The belief paid off. The Bears went 25-8 last year, but fell short in the Big Sky tournament when star Devon Beitzel broke his foot. Boyle left for the University of Colorado, but assistant P.J. Hill took over and Greeley began to support the Bears. With seats scarce for the conference championship, students camped out overnight for a chance to get one of the extra free tickets supplied by local booster clubs. “There were pizza boxes, bottles and cans for 250 yards,” Heiny noted.
Charlie Charbonneau was among the campers. He and a friend sat courtside for each of UNC’s home games, but with all seats general admission, he didn’t want to risk losing his spot. A resident assistant, Charbonneau rummaged through a dormitory basement to find an old tent, then camped out in sub-freezing temperatures with three friends. His tent was third in line: the go-getters from the women’s volleyball team beat him to the punch. By 7 a.m., fellow students arrived with coffee and breakfast burritos to warm the campers. “It was a bonding exercise, all of us sleeping out in temperatures in the teens while everyone else was in their nice warm beds,” Charbonneau said.
The excitement of the Bears’ Big Sky championship didn’t let up for several days, on campus or in Greeley. “I haven’t seen enthusiasm like this since the Rockies were in the World Series and the Broncos were in the Super Bowl,” Shoop said, adding that the 1996-97 football champions also generated some buzz. For longtime supporters like Shoop and Heiny, it was gratifying to see students and the community embrace a team that could barely compete a few years ago. “Everybody’s walking around with big smiles,” Heiny said. “We’re all still pinching ourselves.”
Faces in the crowd
Selection Sunday brought a fresh wave of euphoria to these small campuses. LIU hosted an intimate selection show event. Media attendance was sparse, but “the vibe was great,” Tolis said. “As a student, I felt proud.” Hayner returned to Belmont to watch the selection show at the Beaman center. When the Bruins were paired with vulnerable Wisconsin, “the place just erupted,” he said.
After the thrill comes the reality: the NCAA isn’t kind to lower-seeded teams, often flinging them across the country. With Northern Colorado on spring break, Professor Heiny can join other boosters on the team’s chartered flight. Charbonneau won’t be on the plane, but he might be in Tucson: when I interviewed him, he was trying to rent a 16-passenger van and assemble a contingent of Bears fans to make the 14-16 hour trip with him. Getting a crew together by Wednesday afternoon on spring break won’t be easy, but “with Twitter and Facebook it can be done,” Charbonneau said.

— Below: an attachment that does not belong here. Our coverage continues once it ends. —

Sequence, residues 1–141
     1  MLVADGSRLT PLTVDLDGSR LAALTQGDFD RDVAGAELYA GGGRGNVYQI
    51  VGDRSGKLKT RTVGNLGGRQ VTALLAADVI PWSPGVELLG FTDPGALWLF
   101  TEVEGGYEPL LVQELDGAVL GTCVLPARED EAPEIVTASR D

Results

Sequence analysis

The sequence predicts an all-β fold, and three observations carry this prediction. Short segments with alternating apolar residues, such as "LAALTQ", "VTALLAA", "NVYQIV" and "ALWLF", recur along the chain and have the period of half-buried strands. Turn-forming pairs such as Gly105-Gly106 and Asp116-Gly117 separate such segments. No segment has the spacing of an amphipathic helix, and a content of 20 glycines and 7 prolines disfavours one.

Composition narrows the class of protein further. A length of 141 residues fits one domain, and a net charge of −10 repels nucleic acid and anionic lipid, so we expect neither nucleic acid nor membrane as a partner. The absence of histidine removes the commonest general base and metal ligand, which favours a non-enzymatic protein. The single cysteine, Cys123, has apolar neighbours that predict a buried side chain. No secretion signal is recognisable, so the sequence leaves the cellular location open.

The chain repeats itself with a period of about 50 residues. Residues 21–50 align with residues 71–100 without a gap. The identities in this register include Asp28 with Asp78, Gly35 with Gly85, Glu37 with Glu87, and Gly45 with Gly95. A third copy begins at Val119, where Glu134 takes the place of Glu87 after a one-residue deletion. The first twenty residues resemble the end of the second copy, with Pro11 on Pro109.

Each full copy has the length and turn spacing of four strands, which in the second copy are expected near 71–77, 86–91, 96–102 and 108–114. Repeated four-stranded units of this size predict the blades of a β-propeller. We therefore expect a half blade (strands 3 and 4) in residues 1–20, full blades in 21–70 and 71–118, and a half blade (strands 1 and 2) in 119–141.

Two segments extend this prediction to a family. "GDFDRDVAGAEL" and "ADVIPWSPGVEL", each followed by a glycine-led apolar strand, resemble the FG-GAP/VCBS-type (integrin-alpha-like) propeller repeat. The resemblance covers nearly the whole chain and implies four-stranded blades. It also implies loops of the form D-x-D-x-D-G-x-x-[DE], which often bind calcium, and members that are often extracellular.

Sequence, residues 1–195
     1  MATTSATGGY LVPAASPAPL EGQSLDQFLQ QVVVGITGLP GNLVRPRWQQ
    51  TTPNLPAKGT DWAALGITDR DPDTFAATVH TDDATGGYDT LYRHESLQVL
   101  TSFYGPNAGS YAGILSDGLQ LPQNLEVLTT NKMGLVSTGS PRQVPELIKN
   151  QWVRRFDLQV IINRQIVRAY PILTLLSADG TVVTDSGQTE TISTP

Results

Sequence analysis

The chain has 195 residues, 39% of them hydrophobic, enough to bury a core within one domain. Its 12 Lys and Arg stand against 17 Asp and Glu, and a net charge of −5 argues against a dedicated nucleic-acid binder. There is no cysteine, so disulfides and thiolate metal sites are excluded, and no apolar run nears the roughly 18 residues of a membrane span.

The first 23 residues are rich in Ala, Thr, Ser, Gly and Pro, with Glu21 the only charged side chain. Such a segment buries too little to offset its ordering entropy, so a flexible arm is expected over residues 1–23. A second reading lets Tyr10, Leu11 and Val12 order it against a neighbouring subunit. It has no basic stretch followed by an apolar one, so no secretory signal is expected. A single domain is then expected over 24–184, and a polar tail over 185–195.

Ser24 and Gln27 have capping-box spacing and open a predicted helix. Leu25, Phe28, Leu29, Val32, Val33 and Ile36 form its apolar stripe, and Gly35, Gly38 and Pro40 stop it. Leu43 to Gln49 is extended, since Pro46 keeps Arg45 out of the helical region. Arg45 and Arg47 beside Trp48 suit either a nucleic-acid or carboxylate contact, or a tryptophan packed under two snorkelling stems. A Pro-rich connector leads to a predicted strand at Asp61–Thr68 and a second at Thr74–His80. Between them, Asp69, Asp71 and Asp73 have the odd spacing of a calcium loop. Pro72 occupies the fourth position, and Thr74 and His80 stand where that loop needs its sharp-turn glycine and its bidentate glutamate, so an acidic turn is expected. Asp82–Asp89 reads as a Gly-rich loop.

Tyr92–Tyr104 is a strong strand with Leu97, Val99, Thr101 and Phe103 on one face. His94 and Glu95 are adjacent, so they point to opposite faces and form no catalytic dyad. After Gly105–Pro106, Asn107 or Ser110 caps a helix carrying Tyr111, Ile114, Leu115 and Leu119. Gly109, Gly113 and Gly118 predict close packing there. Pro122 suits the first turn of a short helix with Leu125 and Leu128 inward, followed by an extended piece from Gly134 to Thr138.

But not everyone is so lucky. Students have classes to attend or (during spring break) family matters to attend to. Young alums like Fish and Hayner have small children. Belmont will again send 50 students to the first-round game, but those who can't go can still watch in the Curb Event Center. “It's going to be just like we're courtside in Arizona — getting painted up, cheering, singing our own chants,” Piland said.
None of these small-school superfans expect their teams to last long in the tourney. Longtime supporters like LIU’s Donner and NCU's Heiny expect their teams to be “gritty” and “a handful,” but they are thrilled just to see their schools in the spotlight. Belmont is different – they are a fashionable first-round upset pick – and Hayner admits he might feel his team “fell short” if they can't get past the first round. Beyond that, everything is an exciting “what if” scenario. “The concept of the Sweet 16 is so foreign to us,” Hayner said.
The Sweet 16 might seem foreign, but so are the memories of empty gyms, four-win seasons, and pizza-for-ticket giveaways. The true small-school superfans dare to dream, but they don’t necessarily envy the big boys who get to fight their way into the Final Four. “You don’t feel the commitment to do well in the community or in the classroom at bigger schools the way the Northern Colorado players do,” Charbonneau said.
Piland, a Belmont student who hails from the center of the Duke-North Carolina rivalry, agrees. “I wouldn’t have it any other way,” Piland said. “I wouldn’t want to go to Duke or North Carolina. You’re just a face in the crowd there. No one notices if you are there or not.”
These small programs are no threat to win the tournament, but for a few hours on Thursday and Friday, the nation is sure to notice them.